Figure 1 shows SEM photographs of representative pr-In2O3(n) and M(m)/pr-In2O3(n) powders. All the In2O3-based particles were spherical with well-developed homogenous porous structures on the surface, due to the thermal decomposition of the PMMA microspheres. The pore size of the pr-In2O3(70) powder was larger than that of the pr-In2O3(28) powder, and the observed pore structure was unchanged by the loading of Au. Supplementary Figures 1, 2 show their XRD patterns and pore-size distributions, respectively. Table 1 summarizes crystallite sizes (CSs) calculated from their XRD spectra, most frequent values of diameter (mode diameters) of pores in pore-size distributions calculated from N2 adsorption and desorption isotherms, and specific surface areas (SSAs) of pr-In2O3(n) and Au(0.5)/pr-In2O3(n) powders. All the powders were assigned to cubic In2O3 and the CS of the pr-In2O3(70) powder was larger than that of the pr-In2O3(28) powder. In addition, the pore diameter of the pr-In2O3(70) powder was also larger than that of the pr-In2O3(28) powder. For details, the pore diameter calculated from N2 adsorption isotherm of the pr-In2O3(70) powder (ca. 80 nm) was much larger than that of the pr-In2O3(28) powder (ca. 30 nm), while the pore diameter calculated from N2 desorption isotherm of the pr-In2O3(70) powder (ca. 30 nm) was slightly larger than the that of the pr-In2O3(28) powder (ca. 22 nm). Generally, the difference between pore diameters calculated from N2 adsorption and desorption isotherms arises from the ink-bottle porous morphology of both the pr-In2O3(n) powders. Therefore, the pore diameter calculated from N2 desorption isotherm reflects the width of the necks formed between the spherical pores, and the one calculated from N2 adsorption isotherm reflects the diameter of spherical pores, which originates from the morphology of PMMA microspheres as a template. Actually, the size of pores on the surface of both the pr-In2O3(n) powders was quite similar to the pore diameter calculated from N2 adsorption isotherm. Furthermore, the loading of Au hardly affected the values of their SSA and CS as well as their pore-size distributions, and the XRD peaks derived from Au were not confirmed in XRD spectra of the Au(0.5)/pr-In2O3(n) powders. The porous morphology on the surface of both the Au(0.5)/pr-In2O3(n) powders was also comparable to that of both the pr-In2O3(n) powders. These results indicate that Au could be highly dispersed in the Au(0.5)/pr-In2O3(n) powders.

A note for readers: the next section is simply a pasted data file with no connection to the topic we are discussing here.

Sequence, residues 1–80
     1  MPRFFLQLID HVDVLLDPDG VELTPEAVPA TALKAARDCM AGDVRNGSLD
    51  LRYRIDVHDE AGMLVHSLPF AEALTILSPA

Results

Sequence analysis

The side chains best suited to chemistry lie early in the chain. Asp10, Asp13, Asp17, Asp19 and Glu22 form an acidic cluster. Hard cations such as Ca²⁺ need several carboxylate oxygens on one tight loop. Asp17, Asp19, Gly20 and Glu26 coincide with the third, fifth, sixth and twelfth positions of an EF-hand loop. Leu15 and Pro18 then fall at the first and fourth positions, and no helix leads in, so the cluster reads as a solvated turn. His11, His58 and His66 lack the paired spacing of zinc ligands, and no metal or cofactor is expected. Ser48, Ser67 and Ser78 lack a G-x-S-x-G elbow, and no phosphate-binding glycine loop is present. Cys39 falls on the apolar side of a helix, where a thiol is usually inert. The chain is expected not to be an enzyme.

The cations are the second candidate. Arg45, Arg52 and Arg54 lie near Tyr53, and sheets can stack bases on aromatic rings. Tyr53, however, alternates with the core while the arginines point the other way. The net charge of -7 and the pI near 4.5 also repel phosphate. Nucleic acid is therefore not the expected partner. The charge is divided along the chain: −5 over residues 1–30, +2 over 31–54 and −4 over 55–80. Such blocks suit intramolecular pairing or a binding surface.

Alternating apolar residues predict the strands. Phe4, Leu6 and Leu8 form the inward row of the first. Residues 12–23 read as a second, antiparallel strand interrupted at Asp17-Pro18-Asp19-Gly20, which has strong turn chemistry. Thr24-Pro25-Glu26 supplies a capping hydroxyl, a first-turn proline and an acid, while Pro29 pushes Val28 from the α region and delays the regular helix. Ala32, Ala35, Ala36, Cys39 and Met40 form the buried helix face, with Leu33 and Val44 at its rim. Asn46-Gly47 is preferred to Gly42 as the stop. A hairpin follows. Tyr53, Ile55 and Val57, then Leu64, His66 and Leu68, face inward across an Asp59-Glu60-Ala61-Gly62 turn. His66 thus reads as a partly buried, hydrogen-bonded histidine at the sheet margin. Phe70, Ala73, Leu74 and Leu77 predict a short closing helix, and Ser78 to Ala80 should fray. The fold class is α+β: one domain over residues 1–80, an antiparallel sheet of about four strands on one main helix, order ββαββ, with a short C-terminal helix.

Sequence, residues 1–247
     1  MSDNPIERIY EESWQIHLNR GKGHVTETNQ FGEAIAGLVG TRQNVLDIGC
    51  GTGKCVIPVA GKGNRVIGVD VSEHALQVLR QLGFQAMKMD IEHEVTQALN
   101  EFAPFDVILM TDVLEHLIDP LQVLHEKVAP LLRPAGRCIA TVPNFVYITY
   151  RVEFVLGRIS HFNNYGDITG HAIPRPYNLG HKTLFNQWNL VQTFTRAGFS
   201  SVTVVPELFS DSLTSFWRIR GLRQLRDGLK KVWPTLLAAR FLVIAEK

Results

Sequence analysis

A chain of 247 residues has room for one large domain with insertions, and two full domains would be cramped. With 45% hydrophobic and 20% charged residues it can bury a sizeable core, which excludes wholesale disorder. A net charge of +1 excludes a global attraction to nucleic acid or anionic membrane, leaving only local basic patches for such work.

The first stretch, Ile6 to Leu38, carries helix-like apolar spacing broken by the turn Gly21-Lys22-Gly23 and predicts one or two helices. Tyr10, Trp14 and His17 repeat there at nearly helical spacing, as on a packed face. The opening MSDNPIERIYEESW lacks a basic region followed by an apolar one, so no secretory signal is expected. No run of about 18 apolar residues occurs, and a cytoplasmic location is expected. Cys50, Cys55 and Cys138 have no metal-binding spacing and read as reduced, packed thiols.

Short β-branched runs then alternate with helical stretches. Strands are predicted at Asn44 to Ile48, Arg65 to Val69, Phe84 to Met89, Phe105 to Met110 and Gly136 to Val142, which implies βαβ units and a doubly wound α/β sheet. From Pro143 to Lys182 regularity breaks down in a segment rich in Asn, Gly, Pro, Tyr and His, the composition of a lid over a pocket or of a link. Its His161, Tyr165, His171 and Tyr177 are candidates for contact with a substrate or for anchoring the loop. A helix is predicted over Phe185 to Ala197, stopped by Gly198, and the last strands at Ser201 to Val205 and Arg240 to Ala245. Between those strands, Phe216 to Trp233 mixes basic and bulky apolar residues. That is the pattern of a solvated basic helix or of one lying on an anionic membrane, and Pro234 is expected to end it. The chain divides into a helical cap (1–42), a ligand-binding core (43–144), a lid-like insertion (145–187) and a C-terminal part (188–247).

FIGURE 1
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Figure 1. SEM photographs of (A,C) pr-In2O3(n) and (B,D) Au(0.5)/pr-In2O3(n) powders [n: 28 and 70 (nm)].

TABLE 1
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Table 1. Comparison of crystallite size (CS), pore diameter, and specific surface area (SSA) of the pr-In2O3(n), and Au(0.5)/pr-In2O3(n) powders.